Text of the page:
Under UK health and safety legislation, employers are obligated to protect their employees’ health, safety and welfare. One of the biggest causes of injury in the workplace is the lifting and moving of loads – otherwise known as Manual Handling. Making sure that your staff are aware of correct lifting techniques is the best way to avoid manual handling accidents and to stay compliant with the law.
The hierarchy of manual handling is a framework that’s used to control risks in the workplace. A good understanding of how it works will enable your team to perform their duties safely.
The Risks of Incorrect Manual Handling Techniques
More than 477,000 UK employees suffered work-related musculoskeletal disorders (MSDs) between 2021 and 2022, according to figures from the Health and Safety Executive (HSE). MSDs are defined as conditions and injuries that cause pain to the back, joints and limbs. Many of these injuries and ailments were the result of incorrect manual handling at work.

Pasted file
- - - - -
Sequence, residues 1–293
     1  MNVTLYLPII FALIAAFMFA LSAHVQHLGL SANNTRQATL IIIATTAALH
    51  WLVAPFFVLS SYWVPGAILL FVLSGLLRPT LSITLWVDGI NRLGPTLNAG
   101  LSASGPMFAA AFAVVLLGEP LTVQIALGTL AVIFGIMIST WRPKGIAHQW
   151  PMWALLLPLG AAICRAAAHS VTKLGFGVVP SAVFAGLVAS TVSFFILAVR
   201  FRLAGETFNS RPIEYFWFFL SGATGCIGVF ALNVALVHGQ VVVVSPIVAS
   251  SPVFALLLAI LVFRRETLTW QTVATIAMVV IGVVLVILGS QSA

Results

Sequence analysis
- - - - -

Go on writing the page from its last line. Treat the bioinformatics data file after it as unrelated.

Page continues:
Manual handling includes activities that involve lifting, pushing, pulling, lowering and carrying loads. If not performed correctly, any of these activities can result in either a short-term or long-term manual handling injury.
Some of the risks of improper manual handling techniques include:
- Back injuries
- Sprains and strains
- Hand injuries
- Leg injuries
- Slip, trip and fall injuries
- Foot injuries
- Cuts and bruises
- Joint and muscle pain
- Broken bones
- Repetitive strain injury (RSI)
Legislation such as the Health and Safety at Work Act 1974 and the Manual Handling Operations Regulations 1992 place the legal obligation on employers to avoid or reduce the risks of manual handling accidents and injuries.
A failure to comply with this legislation can result in significant fines and claims against your organisation.
What Is the Manual Handling Hierarchy of Controls?
The manual handling hierarchy of controls is a framework that can be used in conjunction with correct manual handling techniques. The hierarchy of control aims to ensure that employees take a consistent and safe approach when performing manual handling tasks.
A thorough risk assessment of the workplace must be conducted so that safe systems of work can be developed and implemented. The manual handling hierarchy of controls can be used to identify risks and make sure that appropriate measures are taken to eliminate or reduce these risks.